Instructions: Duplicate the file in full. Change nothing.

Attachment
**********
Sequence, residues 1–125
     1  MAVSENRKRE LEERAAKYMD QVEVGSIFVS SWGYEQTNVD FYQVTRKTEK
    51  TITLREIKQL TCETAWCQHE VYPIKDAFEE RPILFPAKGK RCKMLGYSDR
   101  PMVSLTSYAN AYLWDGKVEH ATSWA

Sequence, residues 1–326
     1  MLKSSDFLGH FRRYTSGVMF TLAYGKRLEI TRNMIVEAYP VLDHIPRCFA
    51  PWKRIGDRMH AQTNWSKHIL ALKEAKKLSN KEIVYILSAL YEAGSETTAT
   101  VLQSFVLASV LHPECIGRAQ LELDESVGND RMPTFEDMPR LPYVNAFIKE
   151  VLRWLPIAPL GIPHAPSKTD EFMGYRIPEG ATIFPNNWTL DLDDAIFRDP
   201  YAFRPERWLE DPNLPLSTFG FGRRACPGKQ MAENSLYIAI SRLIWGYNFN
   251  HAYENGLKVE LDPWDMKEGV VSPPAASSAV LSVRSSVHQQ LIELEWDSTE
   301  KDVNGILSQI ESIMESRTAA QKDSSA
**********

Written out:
Sequence, residues 1–125
     1  MAVSENRKRE LEERAAKYMD QVEVGSIFVS SWGYEQTNVD FYQVTRKTEK
    51  TITLREIKQL TCETAWCQHE VYPIKDAFEE RPILFPAKGK RCKMLGYSDR
   101  PMVSLTSYAN AYLWDGKVEH ATSWA

Sequence, residues 1–326
     1  MLKSSDFLGH FRRYTSGVMF TLAYGKRLEI TRNMIVEAYP VLDHIPRCFA
    51  PWKRIGDRMH AQTNWSKHIL ALKEAKKLSN KEIVYILSAL YEAGSETTAT
   101  VLQSFVLASV LHPECIGRAQ LELDESVGND RMPTFEDMPR LPYVNAFIKE
   151  VLRWLPIAPL GIPHAPSKTD EFMGYRIPEG ATIFPNNWTL DLDDAIFRDP
   201  YAFRPERWLE DPNLPLSTFG FGRRACPGKQ MAENSLYIAI SRLIWGYNFN
   251  HAYENGLKVE LDPWDMKEGV VSPPAASSAV LSVRSSVHQQ LIELEWDSTE
   301  KDVNGILSQI ESIMESRTAA QKDSSA